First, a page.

New Jersey Monthly: Like many women, you were disappointed by Hillary Clinton’s loss in the presidential election. But women seem to have regrouped. Do events like the Women’s March after the inauguration suggest to you that women aren’t shrinking from politics?
Debbie Walsh: Among the many questions we had after the election was: Would women see this very qualified woman who ran and lost and think, Why should I even consider running for office? How could I possibly win? Also the tenor and the tone of the election were so negative. But what we’re seeing is that women were inspired by Hillary’s run for the presidency. They were also inspired by the election of Donald Trump to have a voice.
NJM: Will that translate into more women candidates?
DW: We run a nonpartisan training program for about 150 women at Rutgers every year called Ready to Run that helps them learn to run successful campaigns. At the end of 2015 we had two women registered for the 2016 event. At the end of 2016, we had 100 paid registrants for the 2017 event. We’re now close to 200 registrants.
NJM: Do you expect all these women to run for office?
NJM: How are women doing, representation-wise, in New Jersey?
DW: When I first came to New Jersey in the early 1980s, we came in at the bottom 10 percent of states with women serving in the state legislature. We were at about the same rate as states like Alabama, Mississippi and South Carolina. It was pretty shocking. Right now we rank 14th in the nation, but we’ve been as high as ninth. Thirty percent of our state legislature is female, and half the women who serve in our state legislature are women of color. So we’re not just bringing in more women, we’re bringing in real diversity.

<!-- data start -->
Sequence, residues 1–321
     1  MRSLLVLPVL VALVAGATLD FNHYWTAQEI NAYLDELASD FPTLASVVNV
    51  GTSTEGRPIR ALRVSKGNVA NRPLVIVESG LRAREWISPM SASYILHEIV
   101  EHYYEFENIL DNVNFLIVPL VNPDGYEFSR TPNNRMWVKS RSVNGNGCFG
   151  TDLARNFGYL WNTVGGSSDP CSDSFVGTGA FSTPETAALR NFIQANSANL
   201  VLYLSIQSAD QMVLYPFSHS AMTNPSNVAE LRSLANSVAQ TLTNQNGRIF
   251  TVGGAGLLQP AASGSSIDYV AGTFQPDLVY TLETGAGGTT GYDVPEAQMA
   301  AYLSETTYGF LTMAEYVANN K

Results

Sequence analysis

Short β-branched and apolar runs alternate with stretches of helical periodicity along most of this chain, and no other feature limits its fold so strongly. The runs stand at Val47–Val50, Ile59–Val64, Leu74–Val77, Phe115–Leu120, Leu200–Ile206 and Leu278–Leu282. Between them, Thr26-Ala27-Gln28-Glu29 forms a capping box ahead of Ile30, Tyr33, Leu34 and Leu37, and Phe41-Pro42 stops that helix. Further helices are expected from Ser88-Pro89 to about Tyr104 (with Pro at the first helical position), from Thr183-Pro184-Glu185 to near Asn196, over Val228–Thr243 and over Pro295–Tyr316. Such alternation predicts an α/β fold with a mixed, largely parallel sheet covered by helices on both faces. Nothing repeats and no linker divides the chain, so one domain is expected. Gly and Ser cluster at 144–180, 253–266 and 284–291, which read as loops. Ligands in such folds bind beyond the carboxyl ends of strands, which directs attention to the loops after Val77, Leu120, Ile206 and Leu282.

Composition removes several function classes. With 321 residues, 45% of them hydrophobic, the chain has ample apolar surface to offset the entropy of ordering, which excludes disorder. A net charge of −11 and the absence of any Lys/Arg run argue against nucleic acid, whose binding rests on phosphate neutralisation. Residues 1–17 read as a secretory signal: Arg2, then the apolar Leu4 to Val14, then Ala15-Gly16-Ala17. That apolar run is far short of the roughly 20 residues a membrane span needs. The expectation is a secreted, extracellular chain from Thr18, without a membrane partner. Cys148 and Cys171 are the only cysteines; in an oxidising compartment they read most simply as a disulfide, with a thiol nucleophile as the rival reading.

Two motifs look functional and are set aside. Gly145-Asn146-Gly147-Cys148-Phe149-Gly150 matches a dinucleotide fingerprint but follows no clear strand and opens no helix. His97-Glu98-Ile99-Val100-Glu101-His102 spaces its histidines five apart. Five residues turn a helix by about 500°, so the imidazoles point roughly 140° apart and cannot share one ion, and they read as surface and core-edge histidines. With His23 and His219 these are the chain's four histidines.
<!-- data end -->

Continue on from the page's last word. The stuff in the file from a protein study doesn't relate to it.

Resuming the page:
NJM: It seems like we have a ways to go.
DW: Right, but we’re doing much better than we used to. As recently as 2005 we had 15.8 percent women at the congressional level. And we’ve only had, I think, six women who’ve represented New Jersey in Washington, D.C., since the first woman was elected back in 1925. We’re also not doing well at the local level. Our mayors are only 14.5 percent women.
NJM: You’ve been quoted as saying, “If you’re not at the table, you’re probably on the menu.” What does that mean?
DW: It’s the idea that women need to be part of the decision-making process. If your perspectives aren’t represented, you’re likely to be in the group whose priorities aren’t funded.
NJM: Tell us about CAWP’s new initiative, Teach a Girl to Lead.
DW: What we’re trying to do is make sure women’s public leadership is visible to girls and boys, primarily in grades K to 12. If you look at history books, you see that women are kind of a footnote. We want to make sure little girls grow up seeing women as public figures. So we’re providing resources for teachers, and we’re working with youth organizations and we even have information on how to do a tour of your State House with a gendered lens. For example, when you go to Trenton you don’t see many portraits of women. So when groups go down there, we’re encouraging them to make sure women who are working in government are there and part of the tour.
NJM: Do you think a woman will be president in your lifetime?
DW: I hope so. There are women out there who are laying the groundwork. I’d love to see it happen.